Derek, part of what you are writing about generational differences I see a lot of too in my parish. My parish has a large percentage RC converts but they are mostly stuck in the pre-Vatican II view of the Catholic church. When they object to something as being too Catholic its almost always to a Catholic tradition or practice that I have no knowledge of, being completely post-Vatican II. I’m becoming much more aware all the time that I’m the leading edge of the post-Vatican II generation. I was born within a year after the end of Vatican II. I’m trying to find out now if I was the first baby in the family to be baptized in English. My mother doesn’t remember!
Our Rite I 8 o’clock is also the fastest-growing service at the moment. Ironically, the “liturgical-renewal” gang from the last regime added a hymn to the service, following along with one of Giles’ suggestions of things that might help “kill it off” – and people seem to like it quite a lot. There are coffee hours, too. And these aren’t just people from the 1928 era, either – all sorts and conditions attend.
Which goes to show, maybe, that the Spirit bloweth (and take that, Richard Giles) where it will, no matter what those with “agendae” think is the next great idea….
I have to say that the fake Tudor English of Rite I really bugs me. Its not authentic. They just added Tudor endings to lots of words to make them sound old. Its in a language that never existed.
“They just added Tudor endings to lots of words to make them sound old.”
Rite I isn’t to blame, though:
1 Though I speak with the tongues of men and of angels, and have not charity, I am become as sounding brass, or a tinkling cymbal.
2 And though I have the gift of prophecy, and understand all mysteries, and all knowledge; and though I have all faith, so that I could remove mountains, Mt. 17.20 ; 21.21 · Mk. 11.23 and have not charity, I am nothing.
3 And though I bestow all my goods to feed the poor, and though I give my body to be burned, and have not charity, it profiteth me nothing.
4 ¶ Charity suffereth long, and is kind; charity envieth not; charity vaunteth not itself, is not puffed up,
5 doth not behave itself unseemly, seeketh not her own, is not easily provoked, thinketh no evil;
6 rejoiceth not in iniquity, but rejoiceth in the truth;
7 beareth all things, believeth all things, hopeth all things, endureth all things.
8 ¶ Charity never faileth: but whether there be prophecies, they shall fail; whether there be tongues, they shall cease; whether there be knowledge, it shall vanish away.
9 For we know in part, and we prophesy in part.
10 But when that which is perfect is come, then that which is in part shall be done away.
11 When I was a child, I spake as a child, I understood as a child, I thought as a child: but when I became a man, I put away childish things.
12 For now we see through a glass, darkly, but then face to face: now I know in part; but then shall I know even as also I am known.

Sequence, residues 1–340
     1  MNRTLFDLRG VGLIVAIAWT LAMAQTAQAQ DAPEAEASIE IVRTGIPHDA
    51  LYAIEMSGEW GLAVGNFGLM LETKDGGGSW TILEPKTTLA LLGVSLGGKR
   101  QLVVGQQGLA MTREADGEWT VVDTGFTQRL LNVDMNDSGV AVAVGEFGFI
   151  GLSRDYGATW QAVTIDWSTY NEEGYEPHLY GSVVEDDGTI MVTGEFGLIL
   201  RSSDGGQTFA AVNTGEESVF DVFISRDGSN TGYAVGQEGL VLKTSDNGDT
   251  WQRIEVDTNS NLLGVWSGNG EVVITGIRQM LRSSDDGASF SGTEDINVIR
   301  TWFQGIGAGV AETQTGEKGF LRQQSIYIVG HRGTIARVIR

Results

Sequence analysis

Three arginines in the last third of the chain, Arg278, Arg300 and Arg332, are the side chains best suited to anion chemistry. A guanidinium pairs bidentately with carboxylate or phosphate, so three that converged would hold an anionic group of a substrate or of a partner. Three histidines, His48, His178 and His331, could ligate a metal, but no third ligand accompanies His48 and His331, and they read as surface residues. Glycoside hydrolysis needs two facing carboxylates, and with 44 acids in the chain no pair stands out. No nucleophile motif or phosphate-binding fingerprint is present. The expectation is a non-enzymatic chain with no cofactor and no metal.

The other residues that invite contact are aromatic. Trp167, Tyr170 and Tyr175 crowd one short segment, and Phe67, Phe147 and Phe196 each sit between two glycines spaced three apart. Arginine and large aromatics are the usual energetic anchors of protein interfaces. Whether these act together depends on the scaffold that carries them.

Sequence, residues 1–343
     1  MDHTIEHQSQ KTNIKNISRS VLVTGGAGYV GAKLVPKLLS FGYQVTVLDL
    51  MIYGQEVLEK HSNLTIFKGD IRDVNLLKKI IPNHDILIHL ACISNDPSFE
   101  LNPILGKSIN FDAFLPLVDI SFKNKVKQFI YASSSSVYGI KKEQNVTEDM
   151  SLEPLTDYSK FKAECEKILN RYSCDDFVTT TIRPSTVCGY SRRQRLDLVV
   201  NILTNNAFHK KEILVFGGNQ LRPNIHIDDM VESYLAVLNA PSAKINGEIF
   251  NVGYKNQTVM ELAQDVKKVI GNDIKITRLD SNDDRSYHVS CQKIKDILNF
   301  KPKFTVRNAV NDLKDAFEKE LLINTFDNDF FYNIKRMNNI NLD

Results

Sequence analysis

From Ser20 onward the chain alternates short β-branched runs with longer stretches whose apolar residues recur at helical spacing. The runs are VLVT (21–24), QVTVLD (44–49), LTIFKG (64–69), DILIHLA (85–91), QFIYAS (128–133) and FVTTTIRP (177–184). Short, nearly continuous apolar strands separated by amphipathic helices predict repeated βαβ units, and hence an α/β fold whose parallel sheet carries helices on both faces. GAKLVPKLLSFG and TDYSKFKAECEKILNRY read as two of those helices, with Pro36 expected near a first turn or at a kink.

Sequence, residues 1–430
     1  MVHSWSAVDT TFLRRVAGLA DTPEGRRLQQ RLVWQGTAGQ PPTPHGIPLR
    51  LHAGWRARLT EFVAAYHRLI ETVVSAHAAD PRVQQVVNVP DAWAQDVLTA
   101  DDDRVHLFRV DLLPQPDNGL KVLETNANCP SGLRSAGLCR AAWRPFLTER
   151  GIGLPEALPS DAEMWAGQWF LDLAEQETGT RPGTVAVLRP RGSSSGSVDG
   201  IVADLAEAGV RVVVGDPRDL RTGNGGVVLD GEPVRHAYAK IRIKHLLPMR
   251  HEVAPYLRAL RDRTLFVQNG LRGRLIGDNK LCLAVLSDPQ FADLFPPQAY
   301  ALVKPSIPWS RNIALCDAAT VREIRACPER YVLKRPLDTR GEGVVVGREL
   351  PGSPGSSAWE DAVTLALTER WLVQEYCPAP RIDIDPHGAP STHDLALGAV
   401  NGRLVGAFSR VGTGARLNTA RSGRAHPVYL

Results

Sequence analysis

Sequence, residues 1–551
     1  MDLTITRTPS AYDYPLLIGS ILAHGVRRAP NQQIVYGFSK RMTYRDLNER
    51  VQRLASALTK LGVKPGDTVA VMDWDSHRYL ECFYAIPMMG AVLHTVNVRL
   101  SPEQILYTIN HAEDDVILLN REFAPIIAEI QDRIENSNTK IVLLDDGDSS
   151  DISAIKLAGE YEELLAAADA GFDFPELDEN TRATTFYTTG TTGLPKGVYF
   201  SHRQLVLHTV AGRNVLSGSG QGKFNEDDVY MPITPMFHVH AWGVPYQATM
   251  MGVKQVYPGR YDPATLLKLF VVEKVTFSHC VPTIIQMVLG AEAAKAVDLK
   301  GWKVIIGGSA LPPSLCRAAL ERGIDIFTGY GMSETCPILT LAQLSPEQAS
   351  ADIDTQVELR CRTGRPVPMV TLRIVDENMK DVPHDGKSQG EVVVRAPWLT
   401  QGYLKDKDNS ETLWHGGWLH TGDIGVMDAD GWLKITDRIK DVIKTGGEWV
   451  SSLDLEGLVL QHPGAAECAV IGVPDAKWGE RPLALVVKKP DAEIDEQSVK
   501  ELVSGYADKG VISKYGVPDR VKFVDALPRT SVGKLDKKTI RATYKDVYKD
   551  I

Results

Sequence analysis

13 And now abideth faith, hope, charity, these three; but the greatest of these is charity.
(Anyway, there’s nothing wrong, I don’t think, with inventing liturgical language. I think we should do that, in fact; they do it in the theater and in literature all the time – and what is the liturgy except drama?)
Of course it’s not Tudor English, neither is 1928. If you compare 1549 with 1662 and so forth you will notice changes in language, some due to updates in speech and others due to theological differences. The point is, however, that our classic Canon, Prayer I, is of christological import and bears a thoroughly English stamp theologically from St Anselm through Cranmer through the Carolines and Scots to us. We should not let go of the prayers we have inherited even if they needs be updated to more contemporary English.
I have no problem with the prayers in Rite I, just the refusal to use contemporary spellings and pronunciation.
One interesting thing that I have already noticed about the Pray Tell ‘blog is that the authors of the ‘blog posts generally do not interact with the commenters. On the N.L.M. ‘blog, the authors are generally disposed to do so, and with enthusiasm. On Pray Tell, it would appear that we are to receive the various pontifications with docile submission, and not question out betters. And I think that this is one of the reasons that the progressives will ultimately lose the liturgy wars.
Anglicans have a long and storied history of making up old-sounding words for our liturgy. And the rest of the English-speaking world bought it with the deliberate archaisms of the King James Bible…
Precisely! Some of the younger folk are engaging, but not some of the older. They’ve mistaken and misunderstood what makes a blog work—egalitarian interaction. Fr. Unterseher responded on his, while Fr. Giles is nowhere to be found.
I can understand some of it—it comes from the whole “I can’t believe you’d ask that question, it should have been dealt with in the second year of your doctoral work, oh wait…” realization. But then—that’s part of what a blog is for: to educate the people who never will come into your lecture hall…
Fr Giles and his ilk are not to be questioned… merely obeyed.
Oops–that must be what I keep forgetting…
“Fr Giles and his ilk are not to be questioned… merely obeyed.”
Indeed. “Father knows best.”
I wish I could get my kids to believe that!